There are a few points to note here. Firstly, fiqh is not a Divine product but derived from a rigorous intellectual thought process undertaken by some exceptionally erudite humans. Incidentally, those who undertook that process were all men without exception. Hence, the laws governing marriage and divorce are literally manmade. No wonder, there is gender bias in these laws in favour of men. Secondly, because fiqh is manmade it is alterable as human knowledge broadens and deepens and as time and circumstances change. None of those famous fathers of the four schools of fiqh namely, al-Shafi, Abu Hanifa, Ahmad ibn Hanbal and Malik ibn Anas ever claimed that their laws were universally applicable at all times. There was one incident during the rule of the Abbasid Caliph Abu Ja’afar al-Mansur that will prove this point. When Mansur decided to declare Imam Malik’s al-Muwatta, which the Caliph himself instructed the Imam to produce, as the law of the Caliphate Imam Malik opposed that move arguing that there were different communities and cultures within the Caliphate and that his laws were not suited to all of them. Similar instances could be cited from the lives of Imam Abu Hanifa and Imam al-Shafi who were so liberal in their approach that they never claimed universal superiority for their laws and interpretations.
The rationale for changing MMDA is indisputable because that Act is heavily gender biased and the circumstances of today’s Sri Lankan Muslim women have changed dramatically since that Act was passed in the 1950s. These women are now better educated, more knowledgeable, more skilled than their previous generations, and above all they have become an income earning entity prepared to take sole responsibility if needed in the economic management a family. In short they are not only becoming more independent economically but also more learned to understand by themselves what their religion teaches. In short, gone are the days when men told the women what the Quran says about women.
All this development should be considered when undertaking reforms. If one can stop reciting the Quran for a moment and start studying it and understand its intentions and directions of those revelations one will be surprised to realise how accommodative and farsighted that Holy text is. It is only when one comprehends that accommodativeness and farsightedness one would realise how the Quran becomes a text for all times. How to do that study? According to the Tunisian scholar on Islamic theology Muhammed Arkoun, one needs a “tele-techno-scientific” mind instead of a “mytho-historical mind” to enable oneself to think the “unthinkables” and “unthoughts”. For more than a millennium Islamic religious orthodoxy has deliberately prevented the development of a tele-techno-scientific mind among its students. ACJU is no doubt a victim of this historic retrogression. This explains why they scuttled the original reforms suggested by the committee.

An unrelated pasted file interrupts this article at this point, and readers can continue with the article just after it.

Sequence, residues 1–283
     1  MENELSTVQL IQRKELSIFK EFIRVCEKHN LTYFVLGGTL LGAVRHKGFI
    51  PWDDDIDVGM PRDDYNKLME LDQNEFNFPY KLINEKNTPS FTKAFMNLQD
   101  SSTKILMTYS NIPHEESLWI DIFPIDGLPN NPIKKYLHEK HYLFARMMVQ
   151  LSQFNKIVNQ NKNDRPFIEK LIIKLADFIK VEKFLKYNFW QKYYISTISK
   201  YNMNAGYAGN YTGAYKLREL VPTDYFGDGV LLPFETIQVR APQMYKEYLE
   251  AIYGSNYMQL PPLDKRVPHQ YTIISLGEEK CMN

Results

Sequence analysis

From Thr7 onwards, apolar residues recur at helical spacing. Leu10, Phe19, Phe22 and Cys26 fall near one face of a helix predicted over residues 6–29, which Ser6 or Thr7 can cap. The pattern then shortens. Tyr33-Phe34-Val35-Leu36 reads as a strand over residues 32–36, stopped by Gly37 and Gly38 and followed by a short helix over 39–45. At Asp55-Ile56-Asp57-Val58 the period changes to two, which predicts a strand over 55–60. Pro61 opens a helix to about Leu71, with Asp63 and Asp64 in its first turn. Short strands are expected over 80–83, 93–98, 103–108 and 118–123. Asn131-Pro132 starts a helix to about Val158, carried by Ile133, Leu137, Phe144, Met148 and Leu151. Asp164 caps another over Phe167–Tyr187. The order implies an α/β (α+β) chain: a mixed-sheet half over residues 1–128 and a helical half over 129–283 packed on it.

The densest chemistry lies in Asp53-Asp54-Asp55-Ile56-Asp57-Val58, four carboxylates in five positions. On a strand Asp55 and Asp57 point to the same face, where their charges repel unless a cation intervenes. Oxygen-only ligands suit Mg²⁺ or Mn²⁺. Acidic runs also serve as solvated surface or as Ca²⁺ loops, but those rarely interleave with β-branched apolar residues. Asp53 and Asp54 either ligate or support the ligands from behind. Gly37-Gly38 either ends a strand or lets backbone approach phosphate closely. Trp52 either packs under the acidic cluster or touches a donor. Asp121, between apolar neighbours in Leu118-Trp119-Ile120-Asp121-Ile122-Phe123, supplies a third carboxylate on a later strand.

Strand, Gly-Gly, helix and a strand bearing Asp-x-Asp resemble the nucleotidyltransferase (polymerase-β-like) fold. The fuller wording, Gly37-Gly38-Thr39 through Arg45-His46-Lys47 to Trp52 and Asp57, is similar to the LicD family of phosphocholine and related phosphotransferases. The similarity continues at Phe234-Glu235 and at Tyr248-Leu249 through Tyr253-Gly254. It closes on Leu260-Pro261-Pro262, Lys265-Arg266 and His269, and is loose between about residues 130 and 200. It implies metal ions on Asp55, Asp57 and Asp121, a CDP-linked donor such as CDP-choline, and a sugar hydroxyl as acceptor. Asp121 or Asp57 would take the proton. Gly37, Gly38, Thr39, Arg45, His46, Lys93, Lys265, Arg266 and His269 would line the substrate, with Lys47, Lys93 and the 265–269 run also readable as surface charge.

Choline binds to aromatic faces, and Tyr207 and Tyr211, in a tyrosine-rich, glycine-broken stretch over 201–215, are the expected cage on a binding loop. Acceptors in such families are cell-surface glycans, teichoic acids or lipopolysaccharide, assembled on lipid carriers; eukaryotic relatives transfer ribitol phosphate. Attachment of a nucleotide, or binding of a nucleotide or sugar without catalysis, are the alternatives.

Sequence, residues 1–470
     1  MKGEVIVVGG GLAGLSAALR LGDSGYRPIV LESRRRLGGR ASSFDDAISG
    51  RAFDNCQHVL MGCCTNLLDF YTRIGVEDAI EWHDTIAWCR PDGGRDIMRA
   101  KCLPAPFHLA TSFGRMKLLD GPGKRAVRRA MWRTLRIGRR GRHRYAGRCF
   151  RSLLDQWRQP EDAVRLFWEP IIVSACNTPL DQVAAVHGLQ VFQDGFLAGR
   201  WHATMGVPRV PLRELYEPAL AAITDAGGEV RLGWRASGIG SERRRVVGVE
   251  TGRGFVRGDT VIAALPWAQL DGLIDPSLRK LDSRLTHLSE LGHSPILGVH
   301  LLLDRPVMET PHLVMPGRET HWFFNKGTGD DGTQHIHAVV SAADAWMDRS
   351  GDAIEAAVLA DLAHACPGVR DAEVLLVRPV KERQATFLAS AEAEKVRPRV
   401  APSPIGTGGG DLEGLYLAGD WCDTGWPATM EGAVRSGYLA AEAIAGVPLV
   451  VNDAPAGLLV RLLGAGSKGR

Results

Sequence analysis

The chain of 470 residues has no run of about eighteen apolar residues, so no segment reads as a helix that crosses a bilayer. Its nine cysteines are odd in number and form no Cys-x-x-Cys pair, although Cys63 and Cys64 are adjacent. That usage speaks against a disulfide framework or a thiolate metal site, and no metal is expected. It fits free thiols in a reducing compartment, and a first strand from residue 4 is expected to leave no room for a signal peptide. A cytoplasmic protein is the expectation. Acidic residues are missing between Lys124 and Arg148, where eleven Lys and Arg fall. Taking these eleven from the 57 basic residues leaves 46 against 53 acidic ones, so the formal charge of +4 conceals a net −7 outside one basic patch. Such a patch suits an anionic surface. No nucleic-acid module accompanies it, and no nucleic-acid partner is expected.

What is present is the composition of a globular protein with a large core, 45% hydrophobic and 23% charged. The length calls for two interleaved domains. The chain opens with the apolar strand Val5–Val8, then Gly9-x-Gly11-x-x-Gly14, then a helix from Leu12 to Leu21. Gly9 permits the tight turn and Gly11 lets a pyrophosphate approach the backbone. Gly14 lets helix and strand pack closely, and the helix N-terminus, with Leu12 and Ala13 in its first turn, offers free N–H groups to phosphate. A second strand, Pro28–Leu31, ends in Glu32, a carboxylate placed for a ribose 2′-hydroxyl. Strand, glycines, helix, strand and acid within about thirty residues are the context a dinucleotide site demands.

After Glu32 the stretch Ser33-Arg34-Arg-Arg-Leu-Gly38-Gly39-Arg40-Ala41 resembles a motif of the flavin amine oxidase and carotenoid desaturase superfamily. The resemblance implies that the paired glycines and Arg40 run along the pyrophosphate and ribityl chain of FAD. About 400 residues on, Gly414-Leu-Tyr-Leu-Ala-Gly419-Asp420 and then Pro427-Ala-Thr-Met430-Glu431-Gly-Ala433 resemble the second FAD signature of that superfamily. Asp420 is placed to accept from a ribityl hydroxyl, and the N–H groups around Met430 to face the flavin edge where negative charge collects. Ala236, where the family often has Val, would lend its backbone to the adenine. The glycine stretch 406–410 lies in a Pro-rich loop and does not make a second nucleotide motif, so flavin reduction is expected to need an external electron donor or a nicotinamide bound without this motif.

What should be done? The reformers should not get pussyfooted just because the word sharia is hurled upon them. There are two fundamental principles on which the early Muslim jurists constructed their legal corpus: dharurath (necessity) and maslaha (welfare). Are the reforms necessary now? And, will the intended reforms enhance the welfare of those who will be impacted by them immediately and society at large eventually? If the answers to both questions are positive then the reformers should be able to assert their position and if need arises confront ACJU through argumentation. An argument can be demolished only by a better argument and by fatwas and condemnation. To advance a better argument in the case of MMDA the reformers themselves should have a solid grounding on the teachings of the Quran. One can only hope that they at least would have a tele-techno-scientific mind.
Dr. Ameer Ali, School of Business and Governance, Murdoch University, Western Australia